A certain holiday is coming up this week, and if there is anything I learned from Jewish day school, it’s that we do not acknowledge this holiday exists.
That said, if you are feeling in a spooky, creepy, supernatural mood—for whatever that reason may be—here’s a list of season-appropriate creatures for the occasion from Jewish folklore.
A dybbuk is a disembodied evil spirit that, due to his former sins when alive, wanders aimlessly until it finds the body of a living person. From there it possesses the new body’s soul, creates a separate personality, and causes mental illness. Individuals, usually women, with nervous disorders were taken to a rabbi who believed he could expel the dybbuk through an exorcism.
Stories of dybbukim were common in the time of the Second Holy Temple. In the 16th century, the idea of dibbuks was often combined with the Kabbalistic concept of gilgul, which suggests that a soul goes through many lives before it gains the wisdom and perfection to rejoin with God.
The dybbuk is quite popular in film, including Yiddish classic The Dybbuk (1937, Michał Waszyński) and the more recent A Serious Man (2009, Joel and Ethan Cohen).
Vampires: Succubi, Estries, and Broxa
Jewish folklore has three kinds of vampires (and this doesn’t include Adam Sandler’s Dracula in Hotel Transylvania).
First is the succubus, a demon who takes the form of a young woman to seduce men and kill pregnant women. The first known succubus is Adam’s first wife, Lilith. According to the Zohar, Adam and Lilith began to fight shortly after their creation. Lilith left the Garden of Eden and refused to return after she mated with the archangel Samael.
Another type of vampire is an estrie, who also takes a female form. Mentioned in Sefer Hasidim, estries preyed on Jewish citizens and had to drink blood for survival. If an estrie was seen or injured by someone else, she could not live until she ate the bread and salt of the person who struck her. Estries could also fly if their hair was unbound, but binding their hair would keep them grounded.
Lastly, the broxa is somewhat of a vampire, but instead of a female form, it is a bird. According to folklore, it mostly sucks on the milk of goats, but it is known to drink human blood should the occasion arise.
The shamir is a supernatural organism with the power to cut through stone, iron, and diamond. It is debated if the shamir was an animal, plant, or mineral. Maimonides considered it to be a living creature, and many scholars refer to it as a worm.
Mentioned throughout the Talmud, the shamir was created right before the first Shabbat, just as God finished creation. Moses used it to engrave gemstones in the High Priest’s breastplate, and King Solomon commissioned a search to find one for use in the construction of the Holy Temple. The shamir is said to have lost its potency at the time of the First Temple’s destruction.
Fiery flying serpent
Serpents. Why did it have to be serpents?
The fiery flying serpent is mentioned by the prophet Isaiah, who lists it as one of many beasts living in the Negev desert region. He also uses it as a metaphor for the Assyrians, when warning the Philistines of an upcoming attack.
Though flying is not mentioned, fiery serpents are also found in the Torah. In Numbers, the Israelites start to complain about the lack of food and water, so God sends fiery serpents to attack the people. The Israelites (naturally) beg for forgiveness, so God tells Moses to mount a copper serpent figure on a pole. Anyone that looks at it will recover from snakebite.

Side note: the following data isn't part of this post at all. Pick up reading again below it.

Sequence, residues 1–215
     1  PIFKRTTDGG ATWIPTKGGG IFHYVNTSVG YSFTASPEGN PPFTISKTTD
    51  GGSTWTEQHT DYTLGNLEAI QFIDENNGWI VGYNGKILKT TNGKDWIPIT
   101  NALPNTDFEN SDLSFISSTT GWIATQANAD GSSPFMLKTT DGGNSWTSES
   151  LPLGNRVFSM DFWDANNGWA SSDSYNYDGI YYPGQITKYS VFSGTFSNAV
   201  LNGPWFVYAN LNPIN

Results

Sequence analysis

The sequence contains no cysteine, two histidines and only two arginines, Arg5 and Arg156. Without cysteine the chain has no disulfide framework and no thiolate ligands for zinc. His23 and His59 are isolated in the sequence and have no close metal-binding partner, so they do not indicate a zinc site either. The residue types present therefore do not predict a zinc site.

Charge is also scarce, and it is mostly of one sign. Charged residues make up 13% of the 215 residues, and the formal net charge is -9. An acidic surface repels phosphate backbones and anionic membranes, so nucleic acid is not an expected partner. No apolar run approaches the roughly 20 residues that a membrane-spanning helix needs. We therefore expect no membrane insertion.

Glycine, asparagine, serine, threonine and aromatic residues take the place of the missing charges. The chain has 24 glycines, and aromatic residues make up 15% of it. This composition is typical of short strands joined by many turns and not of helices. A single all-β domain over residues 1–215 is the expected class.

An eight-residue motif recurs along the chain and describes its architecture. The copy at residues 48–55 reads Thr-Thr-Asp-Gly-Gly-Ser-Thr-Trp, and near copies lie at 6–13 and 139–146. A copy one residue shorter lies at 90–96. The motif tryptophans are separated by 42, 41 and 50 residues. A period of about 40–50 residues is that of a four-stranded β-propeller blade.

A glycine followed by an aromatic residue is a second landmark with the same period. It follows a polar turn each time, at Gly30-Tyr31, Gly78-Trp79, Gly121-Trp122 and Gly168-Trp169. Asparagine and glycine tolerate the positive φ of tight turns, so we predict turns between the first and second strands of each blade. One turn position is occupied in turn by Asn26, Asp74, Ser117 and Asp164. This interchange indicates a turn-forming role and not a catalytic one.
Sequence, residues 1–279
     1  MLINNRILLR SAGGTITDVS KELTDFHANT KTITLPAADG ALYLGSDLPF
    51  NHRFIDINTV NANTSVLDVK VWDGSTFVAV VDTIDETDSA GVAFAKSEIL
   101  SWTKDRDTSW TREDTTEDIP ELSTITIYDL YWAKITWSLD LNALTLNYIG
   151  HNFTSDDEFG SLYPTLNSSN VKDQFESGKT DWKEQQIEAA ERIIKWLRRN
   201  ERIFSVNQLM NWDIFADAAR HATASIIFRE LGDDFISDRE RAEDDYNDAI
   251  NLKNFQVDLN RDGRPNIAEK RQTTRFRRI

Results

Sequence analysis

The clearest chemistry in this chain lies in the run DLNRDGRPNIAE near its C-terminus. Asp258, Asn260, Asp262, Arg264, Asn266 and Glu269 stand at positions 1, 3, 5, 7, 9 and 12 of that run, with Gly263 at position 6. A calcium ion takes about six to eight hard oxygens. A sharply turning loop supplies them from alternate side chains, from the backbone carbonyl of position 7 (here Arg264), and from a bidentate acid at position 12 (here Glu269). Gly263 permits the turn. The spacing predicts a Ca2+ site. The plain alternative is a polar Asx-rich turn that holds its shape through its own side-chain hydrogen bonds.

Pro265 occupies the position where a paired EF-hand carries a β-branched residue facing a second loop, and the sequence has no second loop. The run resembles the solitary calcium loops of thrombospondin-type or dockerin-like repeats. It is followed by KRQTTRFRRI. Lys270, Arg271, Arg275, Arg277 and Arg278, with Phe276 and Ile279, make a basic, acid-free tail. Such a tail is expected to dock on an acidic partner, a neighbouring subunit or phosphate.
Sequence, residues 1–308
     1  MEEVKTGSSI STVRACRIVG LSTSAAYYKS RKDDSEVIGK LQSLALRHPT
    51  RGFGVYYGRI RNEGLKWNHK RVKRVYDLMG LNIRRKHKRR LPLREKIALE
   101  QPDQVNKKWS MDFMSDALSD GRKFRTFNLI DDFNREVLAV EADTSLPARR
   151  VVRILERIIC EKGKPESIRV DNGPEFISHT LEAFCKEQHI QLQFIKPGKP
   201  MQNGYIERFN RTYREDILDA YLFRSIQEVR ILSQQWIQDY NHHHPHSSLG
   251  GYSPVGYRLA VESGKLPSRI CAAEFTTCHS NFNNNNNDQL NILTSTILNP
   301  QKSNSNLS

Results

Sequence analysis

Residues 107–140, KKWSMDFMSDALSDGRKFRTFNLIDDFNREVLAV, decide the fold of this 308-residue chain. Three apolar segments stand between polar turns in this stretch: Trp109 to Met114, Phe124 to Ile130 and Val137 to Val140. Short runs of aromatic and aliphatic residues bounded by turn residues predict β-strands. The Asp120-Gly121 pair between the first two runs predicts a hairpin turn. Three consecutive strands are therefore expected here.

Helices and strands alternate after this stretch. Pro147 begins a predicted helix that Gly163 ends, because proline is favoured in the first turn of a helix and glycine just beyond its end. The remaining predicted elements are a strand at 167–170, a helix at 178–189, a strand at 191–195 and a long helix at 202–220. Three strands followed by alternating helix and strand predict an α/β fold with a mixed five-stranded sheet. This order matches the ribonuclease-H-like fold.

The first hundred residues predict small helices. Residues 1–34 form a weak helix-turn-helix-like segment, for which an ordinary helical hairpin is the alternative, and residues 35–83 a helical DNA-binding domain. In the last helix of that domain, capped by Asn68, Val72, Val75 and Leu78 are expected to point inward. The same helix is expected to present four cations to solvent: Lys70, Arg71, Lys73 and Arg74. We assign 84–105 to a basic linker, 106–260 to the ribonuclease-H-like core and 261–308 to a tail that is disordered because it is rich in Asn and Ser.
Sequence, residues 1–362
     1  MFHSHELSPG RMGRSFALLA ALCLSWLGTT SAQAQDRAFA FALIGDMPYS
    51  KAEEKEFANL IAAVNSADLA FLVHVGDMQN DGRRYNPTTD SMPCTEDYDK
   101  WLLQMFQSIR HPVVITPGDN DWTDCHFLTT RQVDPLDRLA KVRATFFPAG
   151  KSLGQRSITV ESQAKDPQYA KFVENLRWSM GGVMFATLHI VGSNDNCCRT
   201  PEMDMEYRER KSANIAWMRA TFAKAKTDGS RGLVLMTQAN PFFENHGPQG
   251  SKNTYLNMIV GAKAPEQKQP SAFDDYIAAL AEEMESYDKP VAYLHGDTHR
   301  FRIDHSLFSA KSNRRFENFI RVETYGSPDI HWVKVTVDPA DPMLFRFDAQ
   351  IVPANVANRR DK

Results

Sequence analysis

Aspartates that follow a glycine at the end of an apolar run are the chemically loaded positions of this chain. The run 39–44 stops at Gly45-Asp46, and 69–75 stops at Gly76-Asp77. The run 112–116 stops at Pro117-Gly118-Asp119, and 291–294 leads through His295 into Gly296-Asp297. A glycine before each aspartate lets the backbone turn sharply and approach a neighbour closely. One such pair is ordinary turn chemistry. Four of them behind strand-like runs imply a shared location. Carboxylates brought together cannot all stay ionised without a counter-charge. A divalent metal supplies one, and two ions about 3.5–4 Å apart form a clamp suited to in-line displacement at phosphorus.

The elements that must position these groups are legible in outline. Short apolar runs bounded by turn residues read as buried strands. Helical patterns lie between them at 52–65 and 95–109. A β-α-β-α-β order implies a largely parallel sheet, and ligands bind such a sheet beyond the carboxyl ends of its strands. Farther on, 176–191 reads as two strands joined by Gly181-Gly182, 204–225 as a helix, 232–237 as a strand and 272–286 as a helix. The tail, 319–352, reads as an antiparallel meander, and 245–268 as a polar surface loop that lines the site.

The Leviathan is a sea monster with an enormous body, glowing eyes, and scaly skin, like some sort of dragon. It has a habit of crushing ships and eating ocean-going humans.
This creature is mentioned several times in Jewish texts. One midrash (or narrative commentary) states that God originally created both a male and female leviathan, but later killed the female to avoid the species from multiplying. Another midrash says that the giant fish that swallowed Jonah was almost eaten by the Leviathan.
The Talmud says the Leviathan will be killed and served as a feast for the righteous when the Mashiach arrives.
Once again, Isaiah uses this creature as a metaphor for a powerful enemy, particularly the Babylonians.
A mazzik is an invisible demon which creates minor annoyances. Whereas dybbuks cause major problems, mazzikin are low-level demons that a person could encounter in daily life. They rarely possess bodies, and they tend only to attack if angered of unhappy. Rather than try to get rid of them, the best line of defense is to know how to live with them.
The last supernatural creature on this list is not an evil spirit, but rather an artificial creature brought to life by magic. The golem resembles a large human being, and its purpose is often to serve and protect its creator.
In the Middle Ages, scholars studied the text of Sefer Yezirah, which contains instructions on how to make a golem. Most understandings of the directions involve using soil or clay to shape it, and then use God’s name to bring it to life. Some sources say one needs to write the word emet (“truth”) on the forehead and the golem becomes alive. Erase the first letter and you are left with met, or “death.”
One of the most famous narratives includes Rabbi Judah Loew ben Bezalel, of 16th century Prague. He created a golem to defend the Prague ghetto from antisemitic attacks and pogroms. One legend says the golem could make himself invisible and summon spirits from the dead.
The golem is a very common creature in popular culture, including the novel The Amazing Adventures of Kavalier & Clay by Michael Chabon.
Any other Jewish spirits and demons that we missed? Share your favorite in the comments below! And Happy Halloween… or if you don’t celebrate, have yourself a fun Werewolf Bar Mitzvah.